“The Brink” is directed by newcomer director Jonathan Li, and is starring some known faces such as Jin Zhang, Gordon Lam and Shawn Lue among others, and co-starring Ka Tung Lam, Tai-Bo, Janice Man, Yue Wu and Yasuaki Kurata.

The movie introduces us to Sai Gau, played by Jin Zhang, who is a purely dedicated cop chasing this gold trafficking gang that has recently stepped on the coast. This gang owns a big casino boat filled with goods in order to be delivered, but it happens that the ones in charge of this specific operation are suffering from an inner conflict of leadership, mainly caused by Shing, played by Shawn Lue. The methods brought by this decided cop Sai Gau is not well liked by his superiors, especially for his direct boss played by Gordon Lam, who is always lecturing him and blaming him of losing fellow colleagues. But the thing is that, in spite of his boss’s orders, Sau Gai decides to go balls to the wall in action to defeat the bad guys.

The plot is plain and simple, nothing new, especially for an action film lover; but the thing that makes the difference from the others is the way the film is forged. Jonathan Li really directs the hell out of this movie, alongside with his Director of Photography Kenny Tse, who frames really beautiful shots and creates a gorgeous cinematography that is really nice to look at. The action itself, which is one of the most (if not the most) important aspects of “The Brink,” is crystal clear watchable and appreciated. This may seem an obligatory rule, but often on the action genre sometimes the camera seems to be moving and shaking all around, alongside with fast-paced cuts which makes it difficult to follow the action, and it makes you wonder what the hell are you watching. This is not the case in “The Brink.” The action choreography and setpieces are well-framed and composed.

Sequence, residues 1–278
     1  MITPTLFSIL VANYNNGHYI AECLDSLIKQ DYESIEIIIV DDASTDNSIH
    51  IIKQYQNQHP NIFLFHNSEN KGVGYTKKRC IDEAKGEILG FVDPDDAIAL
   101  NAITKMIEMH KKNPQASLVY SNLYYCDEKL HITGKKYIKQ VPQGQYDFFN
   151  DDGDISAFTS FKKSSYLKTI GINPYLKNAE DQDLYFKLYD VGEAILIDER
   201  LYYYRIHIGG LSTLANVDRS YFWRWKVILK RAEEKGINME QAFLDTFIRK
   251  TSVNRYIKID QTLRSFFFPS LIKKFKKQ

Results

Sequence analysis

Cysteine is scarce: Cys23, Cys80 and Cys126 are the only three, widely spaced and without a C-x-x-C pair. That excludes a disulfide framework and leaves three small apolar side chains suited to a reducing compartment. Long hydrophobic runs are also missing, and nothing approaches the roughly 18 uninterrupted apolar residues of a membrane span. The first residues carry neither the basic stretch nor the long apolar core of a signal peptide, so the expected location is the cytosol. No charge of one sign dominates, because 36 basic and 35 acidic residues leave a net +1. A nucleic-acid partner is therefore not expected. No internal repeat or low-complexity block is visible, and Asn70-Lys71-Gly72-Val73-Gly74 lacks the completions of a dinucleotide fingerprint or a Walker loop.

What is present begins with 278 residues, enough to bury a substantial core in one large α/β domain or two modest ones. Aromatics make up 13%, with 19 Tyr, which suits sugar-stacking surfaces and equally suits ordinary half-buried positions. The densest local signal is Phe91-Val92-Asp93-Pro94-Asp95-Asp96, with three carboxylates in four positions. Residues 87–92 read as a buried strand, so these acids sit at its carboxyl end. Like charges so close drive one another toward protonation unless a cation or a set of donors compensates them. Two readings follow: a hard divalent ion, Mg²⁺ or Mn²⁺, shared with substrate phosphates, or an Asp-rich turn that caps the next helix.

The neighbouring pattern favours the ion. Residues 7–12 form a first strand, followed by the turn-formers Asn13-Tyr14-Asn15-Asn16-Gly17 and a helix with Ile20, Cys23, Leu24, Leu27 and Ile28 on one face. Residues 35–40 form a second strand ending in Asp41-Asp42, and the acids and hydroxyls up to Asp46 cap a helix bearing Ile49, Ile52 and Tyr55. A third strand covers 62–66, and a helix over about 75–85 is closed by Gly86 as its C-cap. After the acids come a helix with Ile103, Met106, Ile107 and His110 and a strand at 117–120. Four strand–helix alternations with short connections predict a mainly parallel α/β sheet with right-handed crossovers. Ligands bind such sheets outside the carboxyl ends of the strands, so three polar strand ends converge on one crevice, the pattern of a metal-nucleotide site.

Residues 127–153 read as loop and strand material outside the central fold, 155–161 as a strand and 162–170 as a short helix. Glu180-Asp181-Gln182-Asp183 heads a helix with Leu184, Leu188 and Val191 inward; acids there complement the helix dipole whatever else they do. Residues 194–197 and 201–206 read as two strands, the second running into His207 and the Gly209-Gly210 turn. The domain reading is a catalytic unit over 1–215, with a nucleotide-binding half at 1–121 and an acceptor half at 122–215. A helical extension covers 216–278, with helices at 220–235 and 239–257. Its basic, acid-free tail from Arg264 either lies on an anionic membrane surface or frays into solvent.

Also, throughout the film, you can see how it rains around the environment where the characters are. It happens very often in the film, especially in its second half. This resource is very effective when it comes to giving life to film images, which makes what is already a very beautiful cinematography, in a really beautiful and captivating one. Also, the music by Chung Chi-wing and Ben Cheung puts you in the mood for action. Reminds you of the classic Ringo Lam’s films like “The Adventurers” with all those rock electrifying guitar sounds.

On the other hand, one of the most characterizable things about action heroes is their presence. And something more than its presence, it’s their personality: Courage and heroism. Sai Gau has both of those qualities; but something that may not sound important enough is the character design: the look and the wardrobe. When you watch at Zhang Jin characterized as Sai Gau, you can clearly see a unique character, differentiating it from other film characters even. Something that a hero must fulfill is the fact of being recognized just at watching at his silhouette. Sai Gau’s blonde hair, brown jacket and red pants are an awesome selection for our hero, and that is something that makes him stand out from the other characters.

All the actors do a very professional job on “The Brink,” being quite good. The principal excellent performances are from Zhang Jin, Wu Yue and Gordon Lam. If something bad can be said about “The Brink,” that may be Shawn Lue’s performance. Although he does very good at his action scenes and stunts, his overall performance seems a bit wooden as if he is always bored. He seems like the common bad boy who doesn’t ever speak and who is always serious without a smile to be shown. It is somehow known that his character is a crazy, soft-spoken person, but even with those facts, a little bit of emotion could be shown.

Overall, “The Brink” is an action film that could easily be an 80’s or 90’s released film, due to the nostalgic and the classic aura inside it, and watching “The Brink” reminds you why you love this kind of films so much. The Brink is an absolutely-stylized action-packed film with interesting characters and really gorgeous cinematography.

Born in Spain in the early 90's. Anime has been with me all my life and i became a film lover on my mid-teen years. My interest and love for asian cinema especially began a couple of years later when i watched two specific films: Hard Boiled and Chungking Express. Since then, i'ts been non stop. I really fell in love with the style of Hong Kong action cinema and with all kinds of films from Japan, South Korea, China and Thailand. There's something very special in all these asian flicks: A unique style, originality, grittiness and passion. It's a whole new world. You can follow me on twitter: @PeterPayne9